On July 21, 1823, Morris Officer was born in Holmes County, Ohio. In the early years of the Officer household, religion did not feature prominently as a family activity. According to Morris, his father did not ascribe to any particular religious faith until some years later when his son left for theological training. Morris’s mother identified herself with the Methodist Episcopal tradition. At thirteen Morris was baptized after the entire family became afflicted with scarlet fever and a sister died from the illness.
He became a member of the Lutheran Church in 1842. He studied at Wittenberg College, Wittenberg, Ohio where he paid for school by tutoring and raising money for the college. While at Wittenberg he began to think of serving the church in the foreign mission field. It was always his wish to work in Africa. He felt there was greater need there than in other places. He could not get the Lutheran Church to become interested in this type of work and support him. So instead he decided to take up work in Liberia through the American Missionary Association (AMA). Officer stipulated that while he would go under the auspices of AMA, he would maintain his ties to the Lutheran Church and if he could get his church to support his work, any field he founded would become a field of the Lutheran Church.
Officer left for Liberia on Christmas Day 1852. At home he left a wife who was too frail physically to travel with him. After 18 months at the Mendi mission, Officer returned to America to lift up the cause of mission work in Africa before the Lutheran Church to see if he could solicit its support. Like others who advocated work in foreign mission fields, Officer found a church that believed in the cause, but he could not convince church members to finance such work. In 1855 the General Synod of the Evangelical Lutheran Church of the United States in America was swayed by Officer’s pamphlet, Plea for a Lutheran Mission in Liberia,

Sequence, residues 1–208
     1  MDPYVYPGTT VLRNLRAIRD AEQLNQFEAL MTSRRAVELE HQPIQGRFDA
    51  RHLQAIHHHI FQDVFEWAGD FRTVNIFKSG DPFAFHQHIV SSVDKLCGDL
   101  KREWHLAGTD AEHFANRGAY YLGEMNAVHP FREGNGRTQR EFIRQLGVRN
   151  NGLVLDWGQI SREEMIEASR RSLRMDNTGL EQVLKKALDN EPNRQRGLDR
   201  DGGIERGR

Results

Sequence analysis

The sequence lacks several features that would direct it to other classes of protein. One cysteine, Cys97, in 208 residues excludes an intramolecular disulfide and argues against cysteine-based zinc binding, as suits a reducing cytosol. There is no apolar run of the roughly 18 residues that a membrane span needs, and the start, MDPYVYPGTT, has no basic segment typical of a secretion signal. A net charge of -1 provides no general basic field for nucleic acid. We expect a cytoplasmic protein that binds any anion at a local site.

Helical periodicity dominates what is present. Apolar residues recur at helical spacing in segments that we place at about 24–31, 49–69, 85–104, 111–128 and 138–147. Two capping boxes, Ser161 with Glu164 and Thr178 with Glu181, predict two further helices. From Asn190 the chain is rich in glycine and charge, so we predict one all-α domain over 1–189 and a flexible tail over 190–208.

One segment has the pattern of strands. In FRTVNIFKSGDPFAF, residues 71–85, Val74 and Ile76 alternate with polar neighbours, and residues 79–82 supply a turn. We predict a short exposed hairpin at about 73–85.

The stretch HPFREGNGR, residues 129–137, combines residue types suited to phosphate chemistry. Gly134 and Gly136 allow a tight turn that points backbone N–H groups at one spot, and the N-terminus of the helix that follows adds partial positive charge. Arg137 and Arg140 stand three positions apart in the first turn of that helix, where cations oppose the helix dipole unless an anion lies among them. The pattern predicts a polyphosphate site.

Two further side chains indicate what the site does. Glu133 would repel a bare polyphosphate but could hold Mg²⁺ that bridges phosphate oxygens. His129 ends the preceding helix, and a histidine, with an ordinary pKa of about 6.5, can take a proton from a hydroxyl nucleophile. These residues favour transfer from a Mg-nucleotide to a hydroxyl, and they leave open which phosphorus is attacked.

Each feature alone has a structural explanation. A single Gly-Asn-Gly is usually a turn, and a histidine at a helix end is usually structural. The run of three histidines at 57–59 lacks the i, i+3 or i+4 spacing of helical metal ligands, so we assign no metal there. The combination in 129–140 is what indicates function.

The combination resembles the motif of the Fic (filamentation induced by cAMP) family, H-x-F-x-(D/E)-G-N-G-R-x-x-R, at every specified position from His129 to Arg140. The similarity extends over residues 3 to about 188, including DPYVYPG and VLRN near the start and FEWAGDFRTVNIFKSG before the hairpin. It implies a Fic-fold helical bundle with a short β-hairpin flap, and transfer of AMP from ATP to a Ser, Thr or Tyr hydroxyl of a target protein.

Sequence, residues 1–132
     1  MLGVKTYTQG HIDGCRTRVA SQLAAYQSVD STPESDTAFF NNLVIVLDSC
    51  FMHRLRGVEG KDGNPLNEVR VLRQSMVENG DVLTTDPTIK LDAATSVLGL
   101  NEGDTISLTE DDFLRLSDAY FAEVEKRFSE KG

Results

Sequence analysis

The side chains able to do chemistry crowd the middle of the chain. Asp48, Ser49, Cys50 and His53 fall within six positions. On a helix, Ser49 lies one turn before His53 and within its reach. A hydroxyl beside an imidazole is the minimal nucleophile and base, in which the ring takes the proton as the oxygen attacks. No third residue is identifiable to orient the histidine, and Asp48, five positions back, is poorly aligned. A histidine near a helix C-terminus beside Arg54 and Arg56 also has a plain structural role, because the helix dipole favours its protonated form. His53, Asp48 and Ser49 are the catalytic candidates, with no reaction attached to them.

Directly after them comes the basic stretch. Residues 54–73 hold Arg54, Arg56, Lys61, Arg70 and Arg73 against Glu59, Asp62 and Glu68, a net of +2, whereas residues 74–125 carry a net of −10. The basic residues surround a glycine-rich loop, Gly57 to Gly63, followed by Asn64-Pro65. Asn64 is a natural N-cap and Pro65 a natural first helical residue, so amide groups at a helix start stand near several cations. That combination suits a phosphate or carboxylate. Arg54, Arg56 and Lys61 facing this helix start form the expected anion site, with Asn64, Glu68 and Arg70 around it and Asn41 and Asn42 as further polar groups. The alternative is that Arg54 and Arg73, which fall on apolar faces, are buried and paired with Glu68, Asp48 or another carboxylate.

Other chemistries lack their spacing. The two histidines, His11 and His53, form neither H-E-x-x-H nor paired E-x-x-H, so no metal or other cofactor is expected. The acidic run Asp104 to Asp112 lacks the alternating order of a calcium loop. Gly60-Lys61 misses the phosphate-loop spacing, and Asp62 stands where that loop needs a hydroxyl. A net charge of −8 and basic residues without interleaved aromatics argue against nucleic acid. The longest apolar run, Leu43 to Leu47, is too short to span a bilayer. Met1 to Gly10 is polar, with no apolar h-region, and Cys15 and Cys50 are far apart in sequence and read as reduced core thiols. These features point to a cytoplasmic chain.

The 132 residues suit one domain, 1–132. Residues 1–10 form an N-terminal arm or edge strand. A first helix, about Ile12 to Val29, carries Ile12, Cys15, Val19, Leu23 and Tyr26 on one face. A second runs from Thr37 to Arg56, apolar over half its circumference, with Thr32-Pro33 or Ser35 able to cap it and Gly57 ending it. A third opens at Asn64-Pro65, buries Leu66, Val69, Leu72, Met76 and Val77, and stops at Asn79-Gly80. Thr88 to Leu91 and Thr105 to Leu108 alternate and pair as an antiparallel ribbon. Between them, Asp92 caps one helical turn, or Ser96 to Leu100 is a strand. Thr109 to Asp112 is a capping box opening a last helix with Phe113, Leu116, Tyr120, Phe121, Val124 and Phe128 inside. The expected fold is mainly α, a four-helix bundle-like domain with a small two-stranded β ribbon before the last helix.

to such an extent that it authorized the start of a mission field in Liberia under the auspices of the General Synod, but it left all fundraising for the mission to Officer.
Officer traveled the country making his case for congregations’ support of mission work in Liberia. Along the way his message was greeted sometimes with opposition or at best indifference. Despite the various resistances he encountered in his travels to congregations across the country, by 1860 Officer managed to secure approximately $3000 for the mission. He took this and a co-worker and set off for Liberia on February 23, 1860. Upon arrival, once land for a mission and mission settlement was secured, Officer established a chapel and school, preached in villages surrounding the mission area, and secured the services of another missionary to act as teacher at the school. Officer worked at the mission for a year before he was forced to return to the States because of his health.
Officer was never able to return to Liberia because of his poor health. Instead he turned his attention to home mission work which he approached with the same enthusiasm. He continued to perform home mission work until he retired in June 1871.
Records date from 1848-1874 and include two microfilm reels of journals and diaries of Morris Officer, one folder of carbon copies of typewritten transcripts of a portion of Officer’s journals, and one folder of copies of pamphlets Officer wrote about mission work in Liberia. There is also one folder of biographical material pertaining to Officer that was added to the collection to provide background on Officer, but it is not considered part of his personal papers collection.